Virtual production? Isn’t that already happening in visual effects? Films like Avatar, Real Steel and The Jungle Book have leaned heavily on filming live-action actors on set or in motion-capture volumes, and being able, with simulcam technology, to imagine vast environments behind them or cg characters interacting with the action. Indeed, Epic Games itself has been at the forefront of these efforts as seen in their several Hellblade demos.

The Blackbird car

The Unreal Engine rendered CG car

WHAT THESE DEMOS MEAN FOR VFX

But what’s the step up that “The Human Race” and “Project Raven” offers? The answer is two-fold: improved AR and improved production workflows with near photo-real production quality complete with realistic lighting, shadows and camera effects.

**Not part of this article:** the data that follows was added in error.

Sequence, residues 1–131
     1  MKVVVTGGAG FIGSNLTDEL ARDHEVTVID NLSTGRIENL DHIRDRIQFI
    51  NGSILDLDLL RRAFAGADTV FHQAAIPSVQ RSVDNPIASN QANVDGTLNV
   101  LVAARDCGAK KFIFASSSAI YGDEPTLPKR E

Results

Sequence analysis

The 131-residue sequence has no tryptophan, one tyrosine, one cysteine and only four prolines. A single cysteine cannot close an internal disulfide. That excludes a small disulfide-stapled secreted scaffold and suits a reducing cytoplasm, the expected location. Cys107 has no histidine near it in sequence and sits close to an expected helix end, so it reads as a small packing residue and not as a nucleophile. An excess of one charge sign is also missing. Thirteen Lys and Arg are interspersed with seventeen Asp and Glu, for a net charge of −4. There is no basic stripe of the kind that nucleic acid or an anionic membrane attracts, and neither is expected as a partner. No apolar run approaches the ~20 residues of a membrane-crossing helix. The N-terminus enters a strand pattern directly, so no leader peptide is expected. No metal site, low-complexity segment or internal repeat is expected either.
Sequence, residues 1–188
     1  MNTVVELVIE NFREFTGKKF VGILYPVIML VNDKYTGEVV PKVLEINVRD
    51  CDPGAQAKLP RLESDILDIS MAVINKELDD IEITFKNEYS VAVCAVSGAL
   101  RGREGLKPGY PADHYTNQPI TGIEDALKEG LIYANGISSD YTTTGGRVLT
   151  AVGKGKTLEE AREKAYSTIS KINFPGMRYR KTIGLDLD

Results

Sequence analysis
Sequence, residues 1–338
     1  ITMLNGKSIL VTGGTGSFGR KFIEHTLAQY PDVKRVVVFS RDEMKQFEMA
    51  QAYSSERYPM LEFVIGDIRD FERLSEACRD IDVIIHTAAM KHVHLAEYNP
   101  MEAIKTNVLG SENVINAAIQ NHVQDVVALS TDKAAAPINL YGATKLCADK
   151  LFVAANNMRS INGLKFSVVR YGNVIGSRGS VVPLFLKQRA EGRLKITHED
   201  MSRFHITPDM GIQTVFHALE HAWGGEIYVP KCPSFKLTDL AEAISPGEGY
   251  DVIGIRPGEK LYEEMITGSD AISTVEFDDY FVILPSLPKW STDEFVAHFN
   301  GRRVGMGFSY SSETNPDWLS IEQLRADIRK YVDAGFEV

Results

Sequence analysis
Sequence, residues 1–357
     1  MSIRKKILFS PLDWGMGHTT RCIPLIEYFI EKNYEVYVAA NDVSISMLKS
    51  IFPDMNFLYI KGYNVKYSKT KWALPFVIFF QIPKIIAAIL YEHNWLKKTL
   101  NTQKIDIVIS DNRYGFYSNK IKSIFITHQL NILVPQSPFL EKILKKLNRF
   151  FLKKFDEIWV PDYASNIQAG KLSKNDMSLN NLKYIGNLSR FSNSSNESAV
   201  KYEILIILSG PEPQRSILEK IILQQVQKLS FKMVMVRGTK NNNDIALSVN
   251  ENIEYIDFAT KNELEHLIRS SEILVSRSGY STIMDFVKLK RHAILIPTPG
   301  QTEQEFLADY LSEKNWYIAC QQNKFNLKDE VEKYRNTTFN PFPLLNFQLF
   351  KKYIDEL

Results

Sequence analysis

“We want AR to be VFX-grade quality AR, basically,” says Epic’s Marc Petit, General Manager, Unreal Engine Enterprise. “If you want the content to be believable, if you want to relate to the content, whether you are selling a car or telling a story, I think quality matters, and that’s what Unreal Engine stands for. And we had seen so much crap in AR that we had to put our foot down and say, this is our version of AR and it looks good.”

What exactly did Epic’s AR “Project Raven” demo entail? In “The Human Race” project, the Blackbird proxy car stood in for a digital Camaro ZL1. The Blackbird can be configured to perform and drive like any other vehicle and then in post production – thanks to its tracking markers – VFX artists can work out the orientation of the CG car.